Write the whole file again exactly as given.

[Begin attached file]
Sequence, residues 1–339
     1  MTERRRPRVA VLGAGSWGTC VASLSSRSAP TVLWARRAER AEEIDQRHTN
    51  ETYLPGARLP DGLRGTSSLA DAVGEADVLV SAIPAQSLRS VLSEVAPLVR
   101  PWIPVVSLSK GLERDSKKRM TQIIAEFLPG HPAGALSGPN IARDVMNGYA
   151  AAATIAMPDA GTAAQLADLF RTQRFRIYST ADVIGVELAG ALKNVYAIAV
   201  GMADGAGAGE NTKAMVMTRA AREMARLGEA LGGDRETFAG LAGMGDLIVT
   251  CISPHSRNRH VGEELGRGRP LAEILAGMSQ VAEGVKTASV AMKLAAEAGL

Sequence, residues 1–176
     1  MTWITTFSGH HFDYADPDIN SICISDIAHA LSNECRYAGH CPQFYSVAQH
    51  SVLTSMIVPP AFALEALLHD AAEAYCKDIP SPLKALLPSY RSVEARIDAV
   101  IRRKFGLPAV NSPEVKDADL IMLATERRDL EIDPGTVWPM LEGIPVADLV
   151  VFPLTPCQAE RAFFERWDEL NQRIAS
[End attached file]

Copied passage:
Sequence, residues 1–339
     1  MTERRRPRVA VLGAGSWGTC VASLSSRSAP TVLWARRAER AEEIDQRHTN
    51  ETYLPGARLP DGLRGTSSLA DAVGEADVLV SAIPAQSLRS VLSEVAPLVR
   101  PWIPVVSLSK GLERDSKKRM TQIIAEFLPG HPAGALSGPN IARDVMNGYA
   151  AAATIAMPDA GTAAQLADLF RTQRFRIYST ADVIGVELAG ALKNVYAIAV
   201  GMADGAGAGE NTKAMVMTRA AREMARLGEA LGGDRETFAG LAGMGDLIVT
   251  CISPHSRNRH VGEELGRGRP LAEILAGMSQ VAEGVKTASV AMKLAAEAGL

Sequence, residues 1–176
     1  MTWITTFSGH HFDYADPDIN SICISDIAHA LSNECRYAGH CPQFYSVAQH
    51  SVLTSMIVPP AFALEALLHD AAEAYCKDIP SPLKALLPSY RSVEARIDAV
   101  IRRKFGLPAV NSPEVKDADL IMLATERRDL EIDPGTVWPM LEGIPVADLV
   151  VFPLTPCQAE RAFFERWDEL NQRIAS